Thursday, July 3, 2014
Forget Me Not is written in verse, and it focuses on two main characters: Ally and Elijah. The book opens with Ally in a dark hallway in an abandoned wing of her high school. She is hiding out because a scandalous photo of her has gone viral and her reputation has taken a major nose-dive. With the single click of a "send" button, she has gone from an up and coming freshman girl on the cusp of major popularity, to a whore--a girl that "wants to sleep with the entire football team." Everything is so convoluted and upside-down that she can't imagine ever facing anyone again. So she hides....or at least, that's what it seems like she'd doing...until things get very weird in that hallway, and she realizes that she's not hiding there--she's there for an entirely different reason
Elijah has also spent some time in that same dark hallway in the same abandoned wing of the high school, after trying to kill himself by overdosing on pills. His mission has a singular focus: Get Ally out of that hallway at any cost.
Ally finds herself with the biggest decision of her mortal--and immortal, life. She has to decide whether she lives. Or dies. And her time to make that decision is limited.
Fans of If I Stay, by Gayle Forman will undoubtedly be drawn to this one, as the main premise is similar. (Think comatose patient forced to make a choice)
I have to be honest and say that I was far more impressed with the quality of writing than I was with the storyline. I especially enjoyed reading the author's notes at the end, describing the different poetry styles used in different parts of the book. That being said, I would definitely recommend this book to many of my students--especially fans of (paranormal) novels in verse.
Set in 1986, this one took me back to high school, with the characters bonding over mixed tapes of The Smiths and The Cure, among other iconic 80's bands.
Eleanor is a "big" girl with red hair. At 16, she's the oldest of five kids being raised by their mother and an abusive, alcoholic stepfather named Richie. She shares an overcrowded room with all four of her siblings, and they are incredibly poor and neglected. They are quite literally, the "red-headed stepchildren."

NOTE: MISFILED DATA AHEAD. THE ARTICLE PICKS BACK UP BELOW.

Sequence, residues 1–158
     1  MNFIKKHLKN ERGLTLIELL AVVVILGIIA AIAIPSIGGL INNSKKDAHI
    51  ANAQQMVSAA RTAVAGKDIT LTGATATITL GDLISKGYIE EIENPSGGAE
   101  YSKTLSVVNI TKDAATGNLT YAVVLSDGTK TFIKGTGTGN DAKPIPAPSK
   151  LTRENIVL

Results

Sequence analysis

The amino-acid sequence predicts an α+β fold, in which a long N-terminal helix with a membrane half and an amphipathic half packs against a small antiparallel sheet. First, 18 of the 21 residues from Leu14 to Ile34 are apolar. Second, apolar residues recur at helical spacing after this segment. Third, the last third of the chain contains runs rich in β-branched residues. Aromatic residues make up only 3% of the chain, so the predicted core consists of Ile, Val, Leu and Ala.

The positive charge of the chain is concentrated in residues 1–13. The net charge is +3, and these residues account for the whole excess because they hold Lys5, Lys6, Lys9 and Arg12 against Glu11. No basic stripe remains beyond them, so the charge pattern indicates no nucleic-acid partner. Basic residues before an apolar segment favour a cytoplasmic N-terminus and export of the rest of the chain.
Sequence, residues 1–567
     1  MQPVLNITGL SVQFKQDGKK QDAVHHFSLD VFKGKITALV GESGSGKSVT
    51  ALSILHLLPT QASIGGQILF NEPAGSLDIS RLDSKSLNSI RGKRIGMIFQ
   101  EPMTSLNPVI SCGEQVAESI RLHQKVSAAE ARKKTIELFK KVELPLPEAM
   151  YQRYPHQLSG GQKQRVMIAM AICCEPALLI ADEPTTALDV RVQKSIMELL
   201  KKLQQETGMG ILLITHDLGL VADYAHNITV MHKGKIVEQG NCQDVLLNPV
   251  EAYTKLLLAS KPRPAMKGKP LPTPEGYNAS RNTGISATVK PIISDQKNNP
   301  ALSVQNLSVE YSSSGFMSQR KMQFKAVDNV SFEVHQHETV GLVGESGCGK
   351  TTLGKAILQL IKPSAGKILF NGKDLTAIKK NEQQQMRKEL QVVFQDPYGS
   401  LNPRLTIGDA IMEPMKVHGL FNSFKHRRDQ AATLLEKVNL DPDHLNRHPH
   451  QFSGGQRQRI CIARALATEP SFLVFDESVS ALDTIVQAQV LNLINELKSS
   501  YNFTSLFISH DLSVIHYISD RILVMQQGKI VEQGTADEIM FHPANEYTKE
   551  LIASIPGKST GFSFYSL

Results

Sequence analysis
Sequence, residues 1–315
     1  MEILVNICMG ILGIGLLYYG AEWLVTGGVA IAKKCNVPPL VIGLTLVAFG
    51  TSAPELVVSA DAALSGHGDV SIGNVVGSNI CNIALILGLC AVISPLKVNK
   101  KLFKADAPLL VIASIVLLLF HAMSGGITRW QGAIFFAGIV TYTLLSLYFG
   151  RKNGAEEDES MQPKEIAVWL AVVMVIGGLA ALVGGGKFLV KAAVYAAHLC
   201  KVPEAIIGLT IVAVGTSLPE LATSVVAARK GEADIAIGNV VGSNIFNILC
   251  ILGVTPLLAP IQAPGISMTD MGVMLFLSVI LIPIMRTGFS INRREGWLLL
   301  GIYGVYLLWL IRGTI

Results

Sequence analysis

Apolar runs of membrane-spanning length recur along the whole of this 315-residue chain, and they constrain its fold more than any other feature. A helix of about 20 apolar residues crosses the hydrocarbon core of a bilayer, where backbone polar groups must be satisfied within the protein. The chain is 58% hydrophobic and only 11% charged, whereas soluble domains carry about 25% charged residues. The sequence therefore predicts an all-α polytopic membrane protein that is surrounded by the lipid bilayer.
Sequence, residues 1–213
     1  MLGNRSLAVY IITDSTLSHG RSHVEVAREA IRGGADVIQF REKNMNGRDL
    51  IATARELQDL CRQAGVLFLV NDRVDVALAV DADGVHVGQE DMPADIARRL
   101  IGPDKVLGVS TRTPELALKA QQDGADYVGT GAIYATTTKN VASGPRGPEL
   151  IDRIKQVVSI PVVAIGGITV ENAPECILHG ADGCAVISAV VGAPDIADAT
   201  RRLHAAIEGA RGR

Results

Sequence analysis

Park is a comic book reading, punk music listening half Korean/American boy that Eleanor meets on morning school bus. Park has one foot in popularity and one foot in the land of the misfits. He and Eleanor form a friendship over comic books and music shared on a Walkman. That friendship blossoms into a first love that's intense and complicated.
I loved this book. The characters are so fully and wonderfully developed that I felt like I knew them personally. I don't want to give away too much of the story, but I know this will be an incredibly popular read during the upcoming school year.
Wednesday, June 25, 2014
Koertege depicts a Jesus that is exactly what Walker needs at this juncture in his life. Koertge's Jesus is witty and irreverent, while at the same time being deeply profound in that irreverence. Within the first few lines of Jesus's dialogue I was immediately reminded of the Jesus depicted by Christopher Moore in Lamb, The Gospel According to Biff, Christ's Childhood Pal. In fact, I would say Coaltown Jesus could almost be the "junior" version of Moore's book.
Here are some of my favorite quotes:
Jesus: "I'm sorry, but I can't just giggle. I'm God."
Walker: "You look like Jesus."
Jesus: "John 10:30: I and my Father are one.'"
Walker: "I don't think I understand that."
Jesus: "You're not the only one."
Jesus: "I'll be back. Relax. Or as they say in the Bible, 'Fear not.'"
Jesus: "I love being called the Great Spirit. Some of the other names not so much. The Anointed One, for instance. Makes me feel greasy."
Walker: "You're mad at kids for wanting a pony?"
Jesus: "Little kids I don't mind. Every kid want a pony. It's grown-ups that get my robe in a knot. Stop with the begging, okay? Adore me for a change. Or give thanks. I like gratitude. Or ask for guidance. But oh, no. It's always the pony."
Jesus: "All of a sudden I'm in this body. I've got a heart and hands and feet. I can see and feel. That's why babies cry so much. All of a sudden having a body is a lot to deal with."
Jesus: "I knew what was coming down the pike so I'd practice. Like making one hot dog feed six kids and running on water."
Walker: "In the Bible, you just walked."
Jesus: "Yeah, but I was so bad at it that I'd run so I wouldn't sink so fast. Didn't help Went right down like a stone. Faith is like anything else: you have to work at it, I wasn't that good at first."
Jesus: "Ah, there it is. Signs of your holiness."
Walker: "I just smiled. You made a dumb joke and I smiled."
Jesus: "And that isn't holy?"
Jesus: "Confusion is good."
Walker: "Everything's good to you."
Jesus: "And that's a bad thing?"
Thursday, July 26, 2012
Interest Level: 6th Grade and Up
Reviewed by Mrs. Schauer